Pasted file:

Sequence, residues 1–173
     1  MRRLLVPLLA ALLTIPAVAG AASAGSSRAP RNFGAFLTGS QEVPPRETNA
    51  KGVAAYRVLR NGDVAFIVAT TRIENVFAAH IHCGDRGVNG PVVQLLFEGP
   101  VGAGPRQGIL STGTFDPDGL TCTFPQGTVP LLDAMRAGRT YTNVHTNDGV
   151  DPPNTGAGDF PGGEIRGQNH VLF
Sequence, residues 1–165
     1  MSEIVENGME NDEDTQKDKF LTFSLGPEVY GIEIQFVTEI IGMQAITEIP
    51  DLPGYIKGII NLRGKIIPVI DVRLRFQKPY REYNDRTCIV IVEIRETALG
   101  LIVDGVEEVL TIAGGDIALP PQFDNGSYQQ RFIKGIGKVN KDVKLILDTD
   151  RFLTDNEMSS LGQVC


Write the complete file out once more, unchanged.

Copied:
Sequence, residues 1–173
     1  MRRLLVPLLA ALLTIPAVAG AASAGSSRAP RNFGAFLTGS QEVPPRETNA
    51  KGVAAYRVLR NGDVAFIVAT TRIENVFAAH IHCGDRGVNG PVVQLLFEGP
   101  VGAGPRQGIL STGTFDPDGL TCTFPQGTVP LLDAMRAGRT YTNVHTNDGV
   151  DPPNTGAGDF PGGEIRGQNH VLF
Sequence, residues 1–165
     1  MSEIVENGME NDEDTQKDKF LTFSLGPEVY GIEIQFVTEI IGMQAITEIP
    51  DLPGYIKGII NLRGKIIPVI DVRLRFQKPY REYNDRTCIV IVEIRETALG
   101  LIVDGVEEVL TIAGGDIALP PQFDNGSYQQ RFIKGIGKVN KDVKLILDTD
   151  RFLTDNEMSS LGQVC